Please mention "Silverlinings" when contacting Lyveden New Bield
From 1605 to the present day, Lyveden remains virtually as it was left four centuries ago. A building with no roof, no windows and no floors. A garden with moats on three of four intended sides, no plants, no statues ort paths. Surrounded in folklore and mystery, Lyveden has escaped the influence of time, fashion and conflict.
Donated to the National Trust in 1922, Lyveden became protected from the modern influences of the 20th century. However, it was not until the 1990s that the Trust began the gradual process to uncover the neglect and abandonment of the hidden garden.
Today, the scale, form and beauty of Tresham’s work can again be appreciated and acknowledged as one of the rarest survivals of Elizabethan garden design.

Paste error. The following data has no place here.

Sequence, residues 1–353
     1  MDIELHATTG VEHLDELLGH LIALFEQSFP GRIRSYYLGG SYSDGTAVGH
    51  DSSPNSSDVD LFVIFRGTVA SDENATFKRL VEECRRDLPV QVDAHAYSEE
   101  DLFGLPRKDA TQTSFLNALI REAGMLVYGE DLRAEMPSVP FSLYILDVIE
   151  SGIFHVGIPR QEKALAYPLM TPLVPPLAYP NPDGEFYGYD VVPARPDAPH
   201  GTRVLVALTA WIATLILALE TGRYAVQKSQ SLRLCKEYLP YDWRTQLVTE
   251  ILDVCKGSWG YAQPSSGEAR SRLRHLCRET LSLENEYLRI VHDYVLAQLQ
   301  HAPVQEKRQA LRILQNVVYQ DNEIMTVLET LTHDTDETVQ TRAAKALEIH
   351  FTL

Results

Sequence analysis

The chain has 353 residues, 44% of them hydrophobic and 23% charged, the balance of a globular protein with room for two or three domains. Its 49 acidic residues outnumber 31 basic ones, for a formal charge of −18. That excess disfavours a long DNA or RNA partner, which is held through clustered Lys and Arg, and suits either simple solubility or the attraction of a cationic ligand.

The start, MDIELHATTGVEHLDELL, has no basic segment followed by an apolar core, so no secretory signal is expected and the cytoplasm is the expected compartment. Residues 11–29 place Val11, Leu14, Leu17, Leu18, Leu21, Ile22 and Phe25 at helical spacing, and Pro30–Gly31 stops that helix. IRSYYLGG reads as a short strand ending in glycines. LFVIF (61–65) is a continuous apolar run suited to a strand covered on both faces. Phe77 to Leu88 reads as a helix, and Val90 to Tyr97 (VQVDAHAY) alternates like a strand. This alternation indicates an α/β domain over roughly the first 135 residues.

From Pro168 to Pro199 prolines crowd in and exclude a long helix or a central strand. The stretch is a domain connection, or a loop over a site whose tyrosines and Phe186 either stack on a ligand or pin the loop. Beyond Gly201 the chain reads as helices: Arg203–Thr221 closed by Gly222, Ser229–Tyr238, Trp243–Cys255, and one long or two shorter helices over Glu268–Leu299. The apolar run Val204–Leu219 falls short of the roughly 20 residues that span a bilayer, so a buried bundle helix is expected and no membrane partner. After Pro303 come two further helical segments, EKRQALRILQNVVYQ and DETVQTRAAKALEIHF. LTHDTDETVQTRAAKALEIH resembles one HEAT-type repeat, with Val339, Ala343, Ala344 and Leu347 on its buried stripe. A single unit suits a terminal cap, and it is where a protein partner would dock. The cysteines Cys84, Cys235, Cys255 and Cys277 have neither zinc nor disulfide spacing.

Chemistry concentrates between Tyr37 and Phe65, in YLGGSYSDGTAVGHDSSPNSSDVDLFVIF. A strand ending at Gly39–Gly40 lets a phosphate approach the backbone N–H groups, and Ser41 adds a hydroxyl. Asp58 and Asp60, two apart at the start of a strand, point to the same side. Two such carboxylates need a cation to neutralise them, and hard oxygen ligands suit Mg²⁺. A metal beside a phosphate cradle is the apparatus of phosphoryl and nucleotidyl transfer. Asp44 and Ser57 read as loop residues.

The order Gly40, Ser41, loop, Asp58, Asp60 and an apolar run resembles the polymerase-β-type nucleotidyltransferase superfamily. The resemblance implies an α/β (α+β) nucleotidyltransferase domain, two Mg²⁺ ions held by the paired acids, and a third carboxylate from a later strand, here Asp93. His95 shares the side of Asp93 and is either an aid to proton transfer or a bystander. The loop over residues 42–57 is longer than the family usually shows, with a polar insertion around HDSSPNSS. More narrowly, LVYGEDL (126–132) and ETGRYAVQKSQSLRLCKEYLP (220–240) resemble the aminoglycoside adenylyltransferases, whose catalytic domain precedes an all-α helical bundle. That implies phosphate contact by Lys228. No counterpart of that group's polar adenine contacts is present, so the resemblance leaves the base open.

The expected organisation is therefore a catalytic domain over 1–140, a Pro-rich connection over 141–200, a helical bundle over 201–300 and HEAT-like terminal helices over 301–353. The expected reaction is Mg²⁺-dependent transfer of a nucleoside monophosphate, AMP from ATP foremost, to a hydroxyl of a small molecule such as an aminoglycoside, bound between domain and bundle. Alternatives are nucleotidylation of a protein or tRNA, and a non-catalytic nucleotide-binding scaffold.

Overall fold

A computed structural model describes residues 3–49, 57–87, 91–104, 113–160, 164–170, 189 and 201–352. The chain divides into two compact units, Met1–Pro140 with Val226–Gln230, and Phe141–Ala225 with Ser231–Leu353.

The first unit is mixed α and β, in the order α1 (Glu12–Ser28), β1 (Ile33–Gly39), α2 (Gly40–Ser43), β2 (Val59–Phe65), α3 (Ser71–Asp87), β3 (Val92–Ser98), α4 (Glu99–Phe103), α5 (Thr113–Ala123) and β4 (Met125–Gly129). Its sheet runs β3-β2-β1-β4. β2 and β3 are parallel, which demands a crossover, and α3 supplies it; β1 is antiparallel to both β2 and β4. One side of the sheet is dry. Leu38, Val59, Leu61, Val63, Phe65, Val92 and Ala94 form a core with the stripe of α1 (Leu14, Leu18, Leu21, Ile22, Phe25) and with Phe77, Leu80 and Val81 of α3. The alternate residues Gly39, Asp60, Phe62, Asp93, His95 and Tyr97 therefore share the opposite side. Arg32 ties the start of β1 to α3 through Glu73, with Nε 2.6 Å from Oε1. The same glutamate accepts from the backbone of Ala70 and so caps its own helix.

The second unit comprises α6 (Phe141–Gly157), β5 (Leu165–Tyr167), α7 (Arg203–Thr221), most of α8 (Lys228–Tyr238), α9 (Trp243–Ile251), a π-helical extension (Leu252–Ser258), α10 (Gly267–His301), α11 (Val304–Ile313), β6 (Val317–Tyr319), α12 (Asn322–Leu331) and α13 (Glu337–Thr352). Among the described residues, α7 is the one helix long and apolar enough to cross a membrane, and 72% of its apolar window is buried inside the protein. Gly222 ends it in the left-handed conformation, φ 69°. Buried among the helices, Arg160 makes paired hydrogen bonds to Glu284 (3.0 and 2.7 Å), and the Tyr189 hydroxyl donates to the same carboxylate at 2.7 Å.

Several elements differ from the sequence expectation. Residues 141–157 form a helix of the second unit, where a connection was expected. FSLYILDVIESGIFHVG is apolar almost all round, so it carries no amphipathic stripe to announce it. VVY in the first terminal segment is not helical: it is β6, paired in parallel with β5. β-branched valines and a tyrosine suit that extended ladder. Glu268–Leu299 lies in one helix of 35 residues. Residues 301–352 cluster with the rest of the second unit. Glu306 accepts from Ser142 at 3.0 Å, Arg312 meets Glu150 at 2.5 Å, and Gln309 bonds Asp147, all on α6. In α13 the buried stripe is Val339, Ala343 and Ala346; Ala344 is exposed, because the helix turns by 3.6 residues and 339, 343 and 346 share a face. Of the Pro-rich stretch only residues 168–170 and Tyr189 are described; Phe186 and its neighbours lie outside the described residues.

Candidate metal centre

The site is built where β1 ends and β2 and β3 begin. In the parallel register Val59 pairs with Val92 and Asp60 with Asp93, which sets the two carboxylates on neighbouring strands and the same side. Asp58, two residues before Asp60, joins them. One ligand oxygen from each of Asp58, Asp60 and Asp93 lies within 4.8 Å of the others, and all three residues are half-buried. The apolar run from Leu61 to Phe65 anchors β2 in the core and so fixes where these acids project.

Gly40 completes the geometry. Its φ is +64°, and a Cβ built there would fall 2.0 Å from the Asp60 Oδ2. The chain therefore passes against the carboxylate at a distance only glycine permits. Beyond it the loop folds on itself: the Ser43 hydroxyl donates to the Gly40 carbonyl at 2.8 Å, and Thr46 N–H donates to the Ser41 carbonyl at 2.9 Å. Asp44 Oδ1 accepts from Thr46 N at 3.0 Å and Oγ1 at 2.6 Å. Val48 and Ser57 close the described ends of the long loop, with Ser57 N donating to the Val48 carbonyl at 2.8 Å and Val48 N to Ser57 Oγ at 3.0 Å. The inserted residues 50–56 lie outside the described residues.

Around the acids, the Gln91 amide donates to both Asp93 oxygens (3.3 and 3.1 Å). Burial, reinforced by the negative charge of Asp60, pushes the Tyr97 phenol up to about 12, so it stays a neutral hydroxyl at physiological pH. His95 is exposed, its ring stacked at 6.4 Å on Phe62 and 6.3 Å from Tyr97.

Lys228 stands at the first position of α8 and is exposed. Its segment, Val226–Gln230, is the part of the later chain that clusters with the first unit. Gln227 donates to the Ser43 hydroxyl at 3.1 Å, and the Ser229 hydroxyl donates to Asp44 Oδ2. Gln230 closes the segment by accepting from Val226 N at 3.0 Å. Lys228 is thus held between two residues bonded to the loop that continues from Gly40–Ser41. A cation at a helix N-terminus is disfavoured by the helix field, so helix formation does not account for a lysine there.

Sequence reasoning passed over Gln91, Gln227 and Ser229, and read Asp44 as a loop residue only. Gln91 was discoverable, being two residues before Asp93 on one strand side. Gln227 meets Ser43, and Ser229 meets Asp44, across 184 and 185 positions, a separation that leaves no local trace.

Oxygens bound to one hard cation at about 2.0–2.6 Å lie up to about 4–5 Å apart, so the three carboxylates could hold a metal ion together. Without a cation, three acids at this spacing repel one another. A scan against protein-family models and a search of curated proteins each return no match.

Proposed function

Lyveden was intended for entertaining guests, allowing them to gaze out over the estate. With its rich history, Lyveden provides an unusual backdrop for marquee wedding receptions. Why not have a firework finale? A memorable reminder of why Lyveden stands incomplete after events of November 1605.